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Seasonal Superfoods by Angela Steel

With spring here at last after a shiveringly long winter comes a plethora of interesting and colourful fruits and vegetables on the supermarket shelves that aren’t only great to eat, but can really help us shake off the winter blues and do our bodies some good, too. Nutritional therapist Angela Steel gives us some guidance on what to do with them, and why they’re so good for us.

Liver-Loving Super Pasta

With a ‘WOW!’ taste factor guarantee, this rocket and artichoke recipe is pure yumminess on a plate that’s ready in just 12 minutes.

The seasonal wild rocket helps to detoxify the the liver by stimulating bile flow and contains many phytochemicals and anti-oxidants. Anti-oxidants negate free radicals, molecules that are associated with cell damage and ageing, while one of the indole phyto-chemicals rocket contains helps detoxify hormones via the liver, among other things helping to counter the carcinogenic effects of oestrogen.

Artichokes, too, are great for the liver. They contain the phytonutrients Cynarine and Silymarin, known to boost liver cell regeneration, and have long been considered a good natural remedy for hepatitis.

Remember: Eat plenty of fresh salad vegetables and you’ll “rocket” yourself to sky-high health!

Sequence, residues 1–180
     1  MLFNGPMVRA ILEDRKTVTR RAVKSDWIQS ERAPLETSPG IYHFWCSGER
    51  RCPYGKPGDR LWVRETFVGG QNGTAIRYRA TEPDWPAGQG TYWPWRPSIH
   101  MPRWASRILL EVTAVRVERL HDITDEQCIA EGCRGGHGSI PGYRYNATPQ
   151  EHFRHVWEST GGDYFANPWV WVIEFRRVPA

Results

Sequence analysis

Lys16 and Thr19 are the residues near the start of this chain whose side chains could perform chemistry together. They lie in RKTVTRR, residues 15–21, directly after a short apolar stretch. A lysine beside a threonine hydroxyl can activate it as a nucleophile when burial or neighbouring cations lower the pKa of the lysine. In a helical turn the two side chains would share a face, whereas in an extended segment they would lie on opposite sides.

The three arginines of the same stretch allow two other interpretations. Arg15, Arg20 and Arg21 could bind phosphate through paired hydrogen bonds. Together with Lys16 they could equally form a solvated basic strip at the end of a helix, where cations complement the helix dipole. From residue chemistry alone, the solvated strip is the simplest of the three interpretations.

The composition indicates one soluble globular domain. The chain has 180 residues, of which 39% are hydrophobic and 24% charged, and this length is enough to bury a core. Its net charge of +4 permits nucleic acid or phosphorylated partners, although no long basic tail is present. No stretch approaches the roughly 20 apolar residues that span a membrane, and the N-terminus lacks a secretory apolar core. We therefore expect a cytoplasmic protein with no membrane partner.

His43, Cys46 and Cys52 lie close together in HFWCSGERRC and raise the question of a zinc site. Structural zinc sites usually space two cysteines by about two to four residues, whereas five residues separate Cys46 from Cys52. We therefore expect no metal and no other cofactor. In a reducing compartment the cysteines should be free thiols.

Ingredients (per person):
• 1 handful gluten-free or wholemeal pasta. (I used gluten-free)
• ¼ tsp chilli flakes
• 1 clove of garlic
• 1 small pinch Himalayan crystal salt
• 2 handfuls of rocket
• 4-5 pieces of grilled Artichoke in olive oil, chopped (you can also use fresh artichoke)
• 50g Halloumi cheese, diced
• 1 tbsp pine nuts, lightly grilled
• 1 tbsp olive oil (for cooking)

1. Add pasta to boiling water in a pan. Meanwhile, make a generous bed of green leaves in a pasta bowl, add chopped artichokes.

2. Grill the Halloumi pieces till they just start to turn brown. Then lightly grill the pine nuts. Use a dry frying pan – no oil.

3. Once the pasta is cooked (keep testing to catch ‘al dente’), drain and place the empty pan back on the gas. Add olive oil, chilli flakes and the garlic. Before the garlic starts to turn brown, add the cooked pasta and toss so that it’s coated with the olive oil, chilli and garlic. Add a small pinch of salt.

4. Lay the pasta on top of the green bed of leaves and artichokes, place Halloumi cubes and sprinkle the pine nuts over the top before serving.

Raw Energy Fava Bean Dip

Such a bright green colour and distinctive flavour can only mean one thing: Fava beans (also known as broad beans) are bursting with nutritious goodness.

This dip makes a tasty snack, high in plant protein (helping to even out blood sugar spikes and troughs) and is particularly rich in B vitamins (great for energy production) and minerals like iron, copper, manganese and magnesium. Not to mention the cholesterol-busting phytosterols.

Fava beans also contain Omega 3 and Omega 6 fatty acids, which are component parts of the myelin sheath fatty layer around neurones in the brain. That means Fava beans are great brain food, supporting efficient transmission and potentially slowing or reducing the effects of Alheimer’s.